Since isobaric surfaces are three dimensional surfaces, "height contours" (or simply, "contours") drawn upon an isobaric chart represent the topography of that pressure surface in identical fashion as isopleths of the same name drawn by cartographers upon topographic maps to depict the terrain. Contours separate regions of high valued height for a given region from lower altitude regions. Because of the contour patterns, the higher altitude regions representing poleward intrusions of warm air, are identified as "height ridges" or simply, "ridges". On Northern Hemisphere upper air charts, these ridges can be identified as regions where the height contours deviate far to the north. Strong ridges are usually associated with warm and dry surface weather. On the other hand, the lower altitude portions of the pressure surface are "height troughs", or "troughs", with equatorward intrusions of cold polar air. Troughs can be identified on a upper air chart as regions where height contours are deflected far to the south. Stormy weather and cold temperatures at the surface are often found under upper level troughs.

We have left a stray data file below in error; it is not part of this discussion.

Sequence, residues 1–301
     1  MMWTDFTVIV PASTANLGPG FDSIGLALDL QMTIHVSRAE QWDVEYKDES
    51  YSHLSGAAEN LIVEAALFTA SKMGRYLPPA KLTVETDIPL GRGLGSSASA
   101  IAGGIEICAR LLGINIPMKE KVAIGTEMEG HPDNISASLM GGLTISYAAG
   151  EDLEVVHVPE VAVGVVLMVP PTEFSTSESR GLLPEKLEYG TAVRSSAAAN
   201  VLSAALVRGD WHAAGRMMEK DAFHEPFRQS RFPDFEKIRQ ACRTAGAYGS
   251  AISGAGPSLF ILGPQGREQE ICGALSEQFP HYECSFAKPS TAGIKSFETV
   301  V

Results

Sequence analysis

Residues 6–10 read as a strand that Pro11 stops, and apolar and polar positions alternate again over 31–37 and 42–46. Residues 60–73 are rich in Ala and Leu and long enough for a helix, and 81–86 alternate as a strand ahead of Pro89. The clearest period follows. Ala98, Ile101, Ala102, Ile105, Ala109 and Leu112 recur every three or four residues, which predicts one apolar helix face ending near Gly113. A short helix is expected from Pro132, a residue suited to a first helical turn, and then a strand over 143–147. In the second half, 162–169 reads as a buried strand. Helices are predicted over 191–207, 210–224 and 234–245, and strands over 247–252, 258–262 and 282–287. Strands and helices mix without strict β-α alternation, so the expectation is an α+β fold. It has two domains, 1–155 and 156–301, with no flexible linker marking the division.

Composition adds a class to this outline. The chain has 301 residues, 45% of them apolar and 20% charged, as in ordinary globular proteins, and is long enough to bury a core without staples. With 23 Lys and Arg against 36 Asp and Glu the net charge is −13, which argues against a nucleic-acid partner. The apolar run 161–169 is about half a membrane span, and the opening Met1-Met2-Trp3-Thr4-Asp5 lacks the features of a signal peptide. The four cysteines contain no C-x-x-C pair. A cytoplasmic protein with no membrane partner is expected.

The isotherms and the resultant analyzed temperature field on many of the upper air charts often supports the above relationships. Typically, the best agreement occurs in the lower to mid troposphere. Some displacement of the isotherms away from the ridges and troughs may occur especially in the upper troposphere.
On the upper tropospheric charts isotachs are often drawn to identify the jet stream. Typically, a region of winds are considered to be a part of the jet if the winds were at least 70 knots (where a knot is the unit used for upper air charts, which is equivalent to one nautical mile per hour). These regions as highlighted by the isotachs may be elongated and frequently found near the southern excursion of a trough.
Last revision 10 June 1996© Copyright, 1996 Edward J. Hopkins, Ph.D. email@example.com